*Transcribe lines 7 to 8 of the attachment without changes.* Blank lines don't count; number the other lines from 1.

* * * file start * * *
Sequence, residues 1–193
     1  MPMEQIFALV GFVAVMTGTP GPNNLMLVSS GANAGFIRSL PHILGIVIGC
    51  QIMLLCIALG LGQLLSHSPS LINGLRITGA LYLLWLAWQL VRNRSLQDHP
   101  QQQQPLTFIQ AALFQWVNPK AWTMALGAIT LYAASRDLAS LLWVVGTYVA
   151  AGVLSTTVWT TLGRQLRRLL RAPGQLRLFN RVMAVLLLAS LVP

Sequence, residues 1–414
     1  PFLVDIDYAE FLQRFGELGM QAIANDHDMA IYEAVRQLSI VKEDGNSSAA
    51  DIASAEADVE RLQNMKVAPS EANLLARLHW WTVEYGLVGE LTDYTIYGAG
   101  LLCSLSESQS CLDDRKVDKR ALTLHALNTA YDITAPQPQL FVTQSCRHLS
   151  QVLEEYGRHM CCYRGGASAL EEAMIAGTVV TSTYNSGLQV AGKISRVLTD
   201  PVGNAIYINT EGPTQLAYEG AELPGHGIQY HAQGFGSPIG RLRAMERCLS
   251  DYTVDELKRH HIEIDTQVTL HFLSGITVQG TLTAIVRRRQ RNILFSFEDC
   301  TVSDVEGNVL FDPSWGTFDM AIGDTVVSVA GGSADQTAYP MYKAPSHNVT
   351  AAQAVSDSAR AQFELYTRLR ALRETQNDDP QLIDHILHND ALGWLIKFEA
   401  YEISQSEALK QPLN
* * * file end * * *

     1  PFLVDIDYAE FLQRFGELGM QAIANDHDMA IYEAVRQLSI VKEDGNSSAA
    51  DIASAEADVE RLQNMKVAPS EANLLARLHW WTVEYGLVGE LTDYTIYGAG